Toshiko Takaezu (1922-2011) was a ceramicist known for expressive, abstract vessels, some small, some quite large, some function, some perplexingly not. Consider this vessel called “White Peach.” You can feel the viscosity of the clay and the fluidity of the glaze. Her pieces are contemplative, seemingly weightless. These, too, have been described as “wabi-sabi,” sometimes showing more of the character of a boulder than “fine ceramics.” This is a Modernism that knows ancient history and is disciplined and trained. Her work is intentionally Zen and emulating Nature. You see in the form the stroke of her hand, an instant’s movement informed by a lifetime of study. This, as much as any artwork, is a search for unspeakable honesty.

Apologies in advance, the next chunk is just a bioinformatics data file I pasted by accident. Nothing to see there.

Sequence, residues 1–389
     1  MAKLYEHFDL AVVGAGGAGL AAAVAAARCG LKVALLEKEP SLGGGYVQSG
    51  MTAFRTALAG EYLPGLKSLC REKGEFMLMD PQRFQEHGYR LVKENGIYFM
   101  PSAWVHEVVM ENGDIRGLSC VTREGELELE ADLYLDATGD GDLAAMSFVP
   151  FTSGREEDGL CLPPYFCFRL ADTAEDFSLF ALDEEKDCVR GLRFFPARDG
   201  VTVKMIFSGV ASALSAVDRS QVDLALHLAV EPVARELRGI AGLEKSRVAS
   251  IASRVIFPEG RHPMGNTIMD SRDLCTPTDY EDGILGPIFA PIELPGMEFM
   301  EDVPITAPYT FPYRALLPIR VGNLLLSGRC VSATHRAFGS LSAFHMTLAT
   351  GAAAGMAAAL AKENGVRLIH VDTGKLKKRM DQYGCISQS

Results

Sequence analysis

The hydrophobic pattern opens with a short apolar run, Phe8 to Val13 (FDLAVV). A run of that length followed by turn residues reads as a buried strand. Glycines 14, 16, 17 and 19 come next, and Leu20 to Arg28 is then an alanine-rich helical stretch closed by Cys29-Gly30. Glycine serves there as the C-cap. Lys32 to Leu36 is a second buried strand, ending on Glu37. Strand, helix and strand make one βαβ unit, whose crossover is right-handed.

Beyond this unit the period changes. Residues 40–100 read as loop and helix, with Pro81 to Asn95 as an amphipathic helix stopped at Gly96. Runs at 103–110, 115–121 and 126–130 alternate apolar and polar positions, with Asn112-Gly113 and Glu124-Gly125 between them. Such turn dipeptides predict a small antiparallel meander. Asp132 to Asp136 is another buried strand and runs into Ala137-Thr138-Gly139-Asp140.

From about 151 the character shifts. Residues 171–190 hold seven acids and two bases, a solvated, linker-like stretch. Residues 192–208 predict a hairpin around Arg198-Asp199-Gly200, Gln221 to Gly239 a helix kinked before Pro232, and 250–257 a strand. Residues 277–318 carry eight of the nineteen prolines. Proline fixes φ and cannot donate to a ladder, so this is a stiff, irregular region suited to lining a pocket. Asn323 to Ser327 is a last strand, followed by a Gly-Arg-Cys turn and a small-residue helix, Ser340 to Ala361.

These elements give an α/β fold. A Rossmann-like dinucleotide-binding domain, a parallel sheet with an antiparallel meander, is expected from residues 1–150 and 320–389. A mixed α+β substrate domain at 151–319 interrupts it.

Last, I would like to mention Masahiko Kimura (born 1940). No relation to Shinya, Masahiko is a world-renowned bonsai master and is crediting with taking the craft of bonsai into a full sculptural art. He transformed what is conceivable in the world of bonsai. Look at the juniper trees in the linked article. These breathtakingly gnarly, twisted shapes were revolutionary. The wild, deeply carved deadwood creates intense three-dimensionality. For an ancient, classical art with highly established rules, this makes an entirely new aesthetic. These are meditations on both the beauty of transience and the tenacity of life – that living thread of green on the massive dead driftwood. They create incredible negative spaces, like a Hiroshige print in 3-D. They are executed with the minutest detail serving a completely wild, but totally unified compositional whole. I can think of no other artwork that so utterly embodies “balance” and “flow.”